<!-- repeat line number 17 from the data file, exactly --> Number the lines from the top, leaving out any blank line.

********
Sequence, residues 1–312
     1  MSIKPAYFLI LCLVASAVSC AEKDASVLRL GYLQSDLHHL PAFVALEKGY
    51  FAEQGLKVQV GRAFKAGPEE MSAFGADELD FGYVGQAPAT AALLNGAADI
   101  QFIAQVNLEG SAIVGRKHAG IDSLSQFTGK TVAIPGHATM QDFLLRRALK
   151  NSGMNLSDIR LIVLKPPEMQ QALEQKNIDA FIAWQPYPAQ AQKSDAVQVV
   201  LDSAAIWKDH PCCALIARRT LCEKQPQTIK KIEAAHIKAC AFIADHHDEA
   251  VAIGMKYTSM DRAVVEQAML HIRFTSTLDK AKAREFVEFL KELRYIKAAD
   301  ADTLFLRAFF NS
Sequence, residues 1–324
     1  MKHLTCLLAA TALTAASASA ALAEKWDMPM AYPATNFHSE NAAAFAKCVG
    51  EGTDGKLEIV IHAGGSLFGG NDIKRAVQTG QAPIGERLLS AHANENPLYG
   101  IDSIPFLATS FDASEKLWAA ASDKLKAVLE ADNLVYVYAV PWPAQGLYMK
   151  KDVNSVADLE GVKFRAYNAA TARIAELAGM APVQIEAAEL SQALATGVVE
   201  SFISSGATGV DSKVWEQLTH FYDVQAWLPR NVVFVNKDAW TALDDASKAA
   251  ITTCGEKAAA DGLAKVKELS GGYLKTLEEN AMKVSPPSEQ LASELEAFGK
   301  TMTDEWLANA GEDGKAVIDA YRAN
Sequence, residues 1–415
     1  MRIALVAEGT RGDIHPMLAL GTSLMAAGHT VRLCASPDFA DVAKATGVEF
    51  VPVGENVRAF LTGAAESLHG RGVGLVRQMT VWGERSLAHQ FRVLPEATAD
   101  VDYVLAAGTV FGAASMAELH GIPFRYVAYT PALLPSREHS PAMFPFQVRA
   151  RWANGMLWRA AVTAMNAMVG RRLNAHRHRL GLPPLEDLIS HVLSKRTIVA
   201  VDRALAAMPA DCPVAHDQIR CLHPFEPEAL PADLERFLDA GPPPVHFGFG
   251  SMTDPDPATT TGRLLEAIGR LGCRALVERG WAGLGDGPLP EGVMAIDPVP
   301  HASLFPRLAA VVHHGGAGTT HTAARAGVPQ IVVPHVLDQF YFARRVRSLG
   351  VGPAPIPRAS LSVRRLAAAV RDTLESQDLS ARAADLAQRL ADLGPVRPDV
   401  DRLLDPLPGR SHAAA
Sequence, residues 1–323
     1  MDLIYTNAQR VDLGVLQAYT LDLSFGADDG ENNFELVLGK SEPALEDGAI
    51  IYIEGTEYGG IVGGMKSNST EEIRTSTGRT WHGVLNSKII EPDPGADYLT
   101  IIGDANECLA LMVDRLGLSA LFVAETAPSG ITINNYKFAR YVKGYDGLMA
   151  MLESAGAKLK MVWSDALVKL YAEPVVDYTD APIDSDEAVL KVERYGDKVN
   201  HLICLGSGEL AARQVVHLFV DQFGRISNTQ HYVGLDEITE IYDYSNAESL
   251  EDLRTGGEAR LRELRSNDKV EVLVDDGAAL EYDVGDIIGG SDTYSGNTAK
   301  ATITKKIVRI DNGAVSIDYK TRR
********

Sequence, residues 1–415